I’d like to make a directory of blogs that users can search or browse to find blogs that they are interested in. I don’t think there really is such a thing right now that works well at least. The only ones I know about are part of a subscription service, like Feedly.
It’s understandable why there really isn’t such a thing. There isn’t a lot of money in blogs these days. Marketing dollars have moved on to a highly privacy invasive model that doesn’t work well with decentralized blogs. Servers and search engines are costly to run. I think that’s why there isn’t a quality RSS search engine or directory outside paid services.
I’d like to discuss approaching it differently. What if we created a fairly compact database that could be bundled in an application? It wouldn’t be able to cover every blog or every subject, but it could hold a lot. It could be enough to help people find content so that they spend more time reading blogs and enjoying their RSS reader.
To build our small database we need to do a couple things. We need to find blogs and we need to categorize blogs.
A hand curated directory of blogs is too labor intensive. I don’t think there is a chance that enough volunteers would show up to create a meaningful directory. We’ll have to write some software to make this happen.
Fortunately one of the most studied areas in Machine Learning is Text Classification. This means that there are open source solutions and free vendor supplied solutions. Apple’s Create ML is a good free solution that includes Text Classification. fastText is an Open Source project that focuses on text Machine Learning.
I think fastText if the correct choice for a couple reasons. The first is that it supports multiple label classification and Create ML only supports single label classification. fastText is cross platform and will run on commodity Linux machines and Create ML will require a Mac to run.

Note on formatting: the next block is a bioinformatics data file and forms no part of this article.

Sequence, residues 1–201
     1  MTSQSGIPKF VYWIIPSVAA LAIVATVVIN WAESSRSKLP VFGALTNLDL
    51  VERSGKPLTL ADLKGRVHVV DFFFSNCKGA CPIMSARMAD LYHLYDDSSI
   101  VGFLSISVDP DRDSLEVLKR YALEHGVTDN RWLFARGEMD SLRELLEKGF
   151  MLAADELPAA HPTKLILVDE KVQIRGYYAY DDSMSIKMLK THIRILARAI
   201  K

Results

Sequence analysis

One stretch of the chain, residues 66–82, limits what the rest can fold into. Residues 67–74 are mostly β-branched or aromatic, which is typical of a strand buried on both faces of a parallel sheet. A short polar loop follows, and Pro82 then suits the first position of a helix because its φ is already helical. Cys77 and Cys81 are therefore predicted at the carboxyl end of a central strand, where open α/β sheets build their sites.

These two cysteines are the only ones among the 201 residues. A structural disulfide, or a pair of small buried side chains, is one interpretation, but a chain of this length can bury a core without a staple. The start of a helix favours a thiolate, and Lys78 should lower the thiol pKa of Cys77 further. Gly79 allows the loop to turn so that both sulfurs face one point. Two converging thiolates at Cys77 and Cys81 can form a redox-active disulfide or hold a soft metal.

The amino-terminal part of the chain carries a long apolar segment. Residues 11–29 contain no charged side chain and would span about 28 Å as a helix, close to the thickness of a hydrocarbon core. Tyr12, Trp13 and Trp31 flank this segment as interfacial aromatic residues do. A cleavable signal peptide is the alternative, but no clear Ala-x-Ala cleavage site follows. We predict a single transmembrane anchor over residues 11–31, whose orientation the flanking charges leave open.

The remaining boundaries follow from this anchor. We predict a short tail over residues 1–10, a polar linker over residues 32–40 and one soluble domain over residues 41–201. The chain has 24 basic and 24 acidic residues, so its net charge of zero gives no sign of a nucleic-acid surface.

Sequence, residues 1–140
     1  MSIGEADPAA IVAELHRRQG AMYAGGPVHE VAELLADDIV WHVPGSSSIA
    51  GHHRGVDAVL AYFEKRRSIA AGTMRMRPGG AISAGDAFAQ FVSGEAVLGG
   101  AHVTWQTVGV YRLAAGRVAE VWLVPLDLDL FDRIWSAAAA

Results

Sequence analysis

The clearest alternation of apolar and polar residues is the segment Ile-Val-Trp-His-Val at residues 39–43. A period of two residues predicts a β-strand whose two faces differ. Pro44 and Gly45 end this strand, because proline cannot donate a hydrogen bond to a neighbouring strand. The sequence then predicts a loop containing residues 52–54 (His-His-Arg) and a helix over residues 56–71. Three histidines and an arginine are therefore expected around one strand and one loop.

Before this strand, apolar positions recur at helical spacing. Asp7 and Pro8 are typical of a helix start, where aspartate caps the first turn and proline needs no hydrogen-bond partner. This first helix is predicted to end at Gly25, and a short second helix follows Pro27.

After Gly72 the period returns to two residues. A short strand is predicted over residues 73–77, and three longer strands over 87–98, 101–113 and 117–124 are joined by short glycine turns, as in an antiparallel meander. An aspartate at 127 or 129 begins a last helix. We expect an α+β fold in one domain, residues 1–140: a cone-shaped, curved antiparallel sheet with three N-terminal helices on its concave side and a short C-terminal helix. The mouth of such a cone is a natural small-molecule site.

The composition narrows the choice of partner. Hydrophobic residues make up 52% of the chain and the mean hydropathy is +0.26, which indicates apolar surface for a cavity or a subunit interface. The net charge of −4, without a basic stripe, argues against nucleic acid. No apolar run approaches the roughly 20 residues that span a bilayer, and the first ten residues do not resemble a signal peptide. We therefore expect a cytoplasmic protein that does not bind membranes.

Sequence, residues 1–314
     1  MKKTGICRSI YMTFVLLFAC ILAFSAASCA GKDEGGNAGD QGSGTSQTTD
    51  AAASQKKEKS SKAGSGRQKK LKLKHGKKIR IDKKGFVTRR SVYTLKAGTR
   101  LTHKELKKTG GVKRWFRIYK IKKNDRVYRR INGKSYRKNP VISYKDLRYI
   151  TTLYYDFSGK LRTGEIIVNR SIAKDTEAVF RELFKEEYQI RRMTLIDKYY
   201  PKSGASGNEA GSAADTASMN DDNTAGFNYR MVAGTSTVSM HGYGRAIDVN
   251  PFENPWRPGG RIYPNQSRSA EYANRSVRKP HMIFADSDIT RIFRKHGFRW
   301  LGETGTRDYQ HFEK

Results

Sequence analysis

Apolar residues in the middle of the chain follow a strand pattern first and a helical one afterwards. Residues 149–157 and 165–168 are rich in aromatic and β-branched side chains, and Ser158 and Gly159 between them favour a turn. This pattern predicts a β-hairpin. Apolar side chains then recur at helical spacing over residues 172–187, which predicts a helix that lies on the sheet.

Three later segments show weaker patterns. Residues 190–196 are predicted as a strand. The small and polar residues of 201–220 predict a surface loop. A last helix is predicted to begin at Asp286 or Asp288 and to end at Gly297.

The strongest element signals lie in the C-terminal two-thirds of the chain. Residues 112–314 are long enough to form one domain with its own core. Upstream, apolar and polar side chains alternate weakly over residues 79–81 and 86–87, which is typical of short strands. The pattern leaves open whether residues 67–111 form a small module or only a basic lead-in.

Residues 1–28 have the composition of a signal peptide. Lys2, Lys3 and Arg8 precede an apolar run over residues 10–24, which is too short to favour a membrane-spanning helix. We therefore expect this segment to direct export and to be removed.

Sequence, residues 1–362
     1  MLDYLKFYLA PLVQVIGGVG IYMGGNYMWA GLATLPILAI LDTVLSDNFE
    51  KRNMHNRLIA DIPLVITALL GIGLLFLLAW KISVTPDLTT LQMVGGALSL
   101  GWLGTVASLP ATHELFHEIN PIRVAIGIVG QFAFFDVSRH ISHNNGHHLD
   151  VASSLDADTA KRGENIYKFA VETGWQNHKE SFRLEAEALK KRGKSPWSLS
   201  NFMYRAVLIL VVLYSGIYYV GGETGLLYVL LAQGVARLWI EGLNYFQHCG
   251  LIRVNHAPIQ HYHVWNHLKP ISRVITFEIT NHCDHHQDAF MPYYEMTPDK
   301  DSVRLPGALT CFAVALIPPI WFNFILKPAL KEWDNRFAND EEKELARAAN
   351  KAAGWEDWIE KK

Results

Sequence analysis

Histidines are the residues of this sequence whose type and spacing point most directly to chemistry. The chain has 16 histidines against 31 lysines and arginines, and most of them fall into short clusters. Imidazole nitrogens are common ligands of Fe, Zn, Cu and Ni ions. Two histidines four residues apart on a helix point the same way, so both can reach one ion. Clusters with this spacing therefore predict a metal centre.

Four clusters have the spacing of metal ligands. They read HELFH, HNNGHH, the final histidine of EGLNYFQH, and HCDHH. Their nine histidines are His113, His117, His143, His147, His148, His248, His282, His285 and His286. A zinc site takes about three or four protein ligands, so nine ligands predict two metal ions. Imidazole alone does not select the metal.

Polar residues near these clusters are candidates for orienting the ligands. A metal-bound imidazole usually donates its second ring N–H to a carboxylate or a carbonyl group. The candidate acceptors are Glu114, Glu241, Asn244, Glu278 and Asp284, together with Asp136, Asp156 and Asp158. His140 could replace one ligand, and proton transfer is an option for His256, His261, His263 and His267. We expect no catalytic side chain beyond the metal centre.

To train our Text Classification model, we will need some input data. I think Wikipedia will be a good source for this. Wikipedia has good article content and categories associated with those articles. To process Wikipedia articles, you have to parse them. They are in a unique format that isn’t easy to extract. Fortunately there is mwparserfromhell that we can use to parse the articles. We should be able to get the input data we need now to train our model.
Assuming we’ve found a way to classify blogs, now we need to find them. Scrapy is an Open Source web spider that can be customized. I’m going to assume for now that since it is Open Source, it can be extended to crawl for RSS feeds.
All the components that I’ve found thus far are written in Python or have Python bindings. Everything I’ve discussed is stuff a Data Scientist would do. I’m not a Python developer or a Data Scientist, so I’ve got a lot to learn and a lot of hard work ahead.
That hasn’t stopped me from trying to figure out how all of this will come together. In Part 2, I’ll discuss the architecture and high level design in more detail.